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What is a sprain? How does it occur in dogs? How to recognize it and how to relieve it while waiting to go to see your vet?

What is a sprain?

A sprain is a stretch or rupture of the ligaments that hold the bones together within a joint. There are different degrees of severity of a sprain, ranging from a simply stretched ligament to a partial or complete tear of the ligament with, sometimes, a bone tear.

In dogs, all the joints of the paws can be the subject of a sprain so that one can meet sprains of the knee (or rupture of the cruciate ligament, the most common in dogs), sprains of the fingers, carpal sprains (wrist) or even tarsal sprains (ankle).

How does a sprain occur in dogs?

The occurrence of a sprain in dogs occurs under the same conditions as sprains in humans. They occur more frequently in sporting and hunting dogs, but also sometimes in less athletic dogs during less intense effort, when they jump off the sofa or play “crazy” with fellow-creatures, for example.

The dog’s sprain has a traumatic origin. The injury occurs when a limb gets stuck somewhere (paw in a hole, claw stuck in the ground …) in one direction, and the rest of the body continues to move in another direction.

What are the signs of a dog sprain?

The moment the dog injures himself, he feels a sharp pain which he can express by a cry. However, the precise moment when the sprain occurs can go completely unnoticed by the owner. This is particularly the case with a “& nbsp; simple & nbsp;” ligament elongation. A sporting dog caught in the heat of the moment and in the excitement of the moment can still run after tripping without expressing pain. However, when the excitement subsides, his pain and discomfort will manifest as lameness in the affected limb.

A sprain, whatever its the degree of severity, manifests itself in fact by permanent lameness of the limb concerned, cold or hot. This lameness appears suddenly as a result of the trauma. It may be accompanied by a hot and painful swelling of the affected joint. It is therefore advisable to consult your veterinarian without delay in order to set up an appropriate treatment. Depending on the severity of the sprain, treatment can range from simply immobilizing the joint with a splint to surgery.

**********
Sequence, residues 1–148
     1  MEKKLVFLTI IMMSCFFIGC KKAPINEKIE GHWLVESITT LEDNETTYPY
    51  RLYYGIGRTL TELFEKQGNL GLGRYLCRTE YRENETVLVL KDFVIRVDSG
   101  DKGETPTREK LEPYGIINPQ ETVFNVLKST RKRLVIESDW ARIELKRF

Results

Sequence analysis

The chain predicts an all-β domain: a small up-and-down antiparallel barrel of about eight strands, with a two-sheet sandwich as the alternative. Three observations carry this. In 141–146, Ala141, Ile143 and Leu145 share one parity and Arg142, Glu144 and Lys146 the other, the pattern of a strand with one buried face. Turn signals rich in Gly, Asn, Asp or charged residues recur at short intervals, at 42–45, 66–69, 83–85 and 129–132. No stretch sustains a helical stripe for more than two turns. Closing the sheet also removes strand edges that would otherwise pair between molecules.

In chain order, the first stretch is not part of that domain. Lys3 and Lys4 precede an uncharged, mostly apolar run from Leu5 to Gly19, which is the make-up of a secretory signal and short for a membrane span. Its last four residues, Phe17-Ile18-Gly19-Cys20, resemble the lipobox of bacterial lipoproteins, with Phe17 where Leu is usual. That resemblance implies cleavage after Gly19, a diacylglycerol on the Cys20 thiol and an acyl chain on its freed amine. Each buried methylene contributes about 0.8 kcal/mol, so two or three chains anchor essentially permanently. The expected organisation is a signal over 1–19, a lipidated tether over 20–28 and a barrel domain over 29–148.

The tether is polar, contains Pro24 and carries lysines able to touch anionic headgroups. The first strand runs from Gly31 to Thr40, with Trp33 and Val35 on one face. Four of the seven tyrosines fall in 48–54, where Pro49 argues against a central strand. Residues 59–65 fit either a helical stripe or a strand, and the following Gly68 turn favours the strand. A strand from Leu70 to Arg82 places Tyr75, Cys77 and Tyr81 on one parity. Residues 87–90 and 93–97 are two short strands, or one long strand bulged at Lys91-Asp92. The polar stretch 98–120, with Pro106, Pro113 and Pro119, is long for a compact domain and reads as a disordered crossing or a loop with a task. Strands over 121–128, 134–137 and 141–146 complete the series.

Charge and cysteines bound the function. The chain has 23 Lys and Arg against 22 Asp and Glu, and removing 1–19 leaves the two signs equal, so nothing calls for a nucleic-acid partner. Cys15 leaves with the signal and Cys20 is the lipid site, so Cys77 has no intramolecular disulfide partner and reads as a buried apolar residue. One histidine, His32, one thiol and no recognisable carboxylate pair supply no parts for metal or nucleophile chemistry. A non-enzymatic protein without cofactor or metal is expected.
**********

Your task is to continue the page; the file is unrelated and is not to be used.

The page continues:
Please note!

Lameness in dogs does not necessarily mean they have a sprain. There are many other causes of lameness in dogs! Only your veterinarian can determine the cause during a consultation.

Dog sprain: how to relieve your pet?

While waiting for the consultation with the vet, you can relieve your dog’s pain by:

applying an ice pack to your pet’s injured limb for 15 to 20 minutes every 2 to 3 hours for the first 24 hours after the trauma. The cold will limit inflammation and pain through its vasoconstrictor effect. Do not apply the ice to your dog’s skin at the risk of burning it, but place ice cubes in a closed freezer bag that you will place in another bag containing a little cold water before closing it in turn. You can also use a gel pouch in its cover or a bag of frozen peas to soothe your pet.

Avoiding walking your dog and putting him on forced rest. Limit his outings to hygienic outings only and keep your dog on a short leash,

giving him two homoeopathic granules of Arnica 5CH every quarter of an hour and then every half hour until his pain subsides a little,

applying a drop of peppermint essential oil to the sore area (in the absence of an open wound only).


Never give your dog painkillers for humans. Aspirin, Ibuprofen and Paracetamol are toxic to him!


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Caring for and understanding a dog is not instinctive! helps you see more clearly by offering you many tips to live better with your four-legged friend and to preserve his health … all, with a lot of positive education and natural care!

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